The Influence of Brothers

Eric and Me

Ask anyone if they believe fathers play a crucial role in the development of girls and you will be met with plenty of agreement. A father is, after all, our introduction to the opposite sex. Fathers write the first draft on expectations for all future male relationships. (No pressure, dads.)

But what about brothers?

My brother Eric is six years and four days older than me. I may have been a daddy’s girl, but I am certain that Eric was the only person in those early years capable of stealing my favor. He was old enough for me to look up to, but he was also just another kid. What he thought of me mattered most.

He was always around. I spent more time with my siblings than my parents; kids are forever playing in other rooms and getting sent outside. All those long summer days while my dad was working a typical day shift? Eric was on summer break right along with me. As the oldest kid in our neighborhood he would organize games for us younger ones to play. How many twelve-year old boys want to hang out with a bunch of six-year olds? Continue reading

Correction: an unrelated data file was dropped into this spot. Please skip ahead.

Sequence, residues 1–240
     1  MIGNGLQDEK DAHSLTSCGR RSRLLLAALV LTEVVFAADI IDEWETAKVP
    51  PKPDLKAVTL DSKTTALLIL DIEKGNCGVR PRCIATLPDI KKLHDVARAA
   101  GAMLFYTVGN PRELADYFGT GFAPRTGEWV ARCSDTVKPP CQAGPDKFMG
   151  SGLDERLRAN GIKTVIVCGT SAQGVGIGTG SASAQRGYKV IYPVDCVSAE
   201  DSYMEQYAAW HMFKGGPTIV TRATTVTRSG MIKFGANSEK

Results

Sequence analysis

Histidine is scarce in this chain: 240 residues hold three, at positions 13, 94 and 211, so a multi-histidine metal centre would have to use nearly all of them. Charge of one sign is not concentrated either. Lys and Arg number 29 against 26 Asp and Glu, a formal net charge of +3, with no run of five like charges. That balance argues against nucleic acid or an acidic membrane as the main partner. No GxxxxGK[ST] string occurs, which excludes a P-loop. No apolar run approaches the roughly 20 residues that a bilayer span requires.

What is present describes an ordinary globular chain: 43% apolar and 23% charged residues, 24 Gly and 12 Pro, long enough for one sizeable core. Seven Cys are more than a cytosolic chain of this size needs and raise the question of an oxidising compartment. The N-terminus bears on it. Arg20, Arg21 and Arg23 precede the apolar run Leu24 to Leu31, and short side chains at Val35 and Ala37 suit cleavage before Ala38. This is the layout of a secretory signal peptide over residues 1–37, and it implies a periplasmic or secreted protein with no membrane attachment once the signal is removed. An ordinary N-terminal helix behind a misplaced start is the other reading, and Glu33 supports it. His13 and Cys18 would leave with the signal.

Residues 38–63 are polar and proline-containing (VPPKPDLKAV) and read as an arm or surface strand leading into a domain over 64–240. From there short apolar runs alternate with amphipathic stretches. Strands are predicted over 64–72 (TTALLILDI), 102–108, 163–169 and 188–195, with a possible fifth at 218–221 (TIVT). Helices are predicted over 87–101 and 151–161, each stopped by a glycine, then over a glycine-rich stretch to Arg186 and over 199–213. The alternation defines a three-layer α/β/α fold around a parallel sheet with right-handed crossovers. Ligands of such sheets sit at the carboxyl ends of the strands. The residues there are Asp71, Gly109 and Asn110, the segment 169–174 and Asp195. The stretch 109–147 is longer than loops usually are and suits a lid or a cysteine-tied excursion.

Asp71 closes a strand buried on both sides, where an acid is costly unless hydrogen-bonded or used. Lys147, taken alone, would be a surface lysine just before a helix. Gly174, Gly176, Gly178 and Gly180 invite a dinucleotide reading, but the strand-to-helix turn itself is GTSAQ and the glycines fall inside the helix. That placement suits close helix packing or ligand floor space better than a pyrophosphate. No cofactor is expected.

It’s Complicated

 

This isn’t a post about autism. It’s about my sister, who passed away two years ago today.

For the first eight years of my life, I was the youngest child in the family. Eric and Amy were six and five years older than me- which meant they mostly liked me because I was little and cute. I was constantly used as a pawn in their battles. It was always two against one, and I am pretty sure I was never the “one” in that equation. They fought for my favor.

I shared a room with my sister, so she was at an obvious disadvantage. She didn’t like me touching her things, and she yelled at me a lot. Also, I was kind of a tomboy, which she did not relate to at all. I never let her put eyeliner on me or curl my hair, and she was always disappointing me by running home crying every time she got hit in the face during a neighborhood sporting event. It happened so frequently I am convinced she made an actual effort to catch things with her face.  Continue reading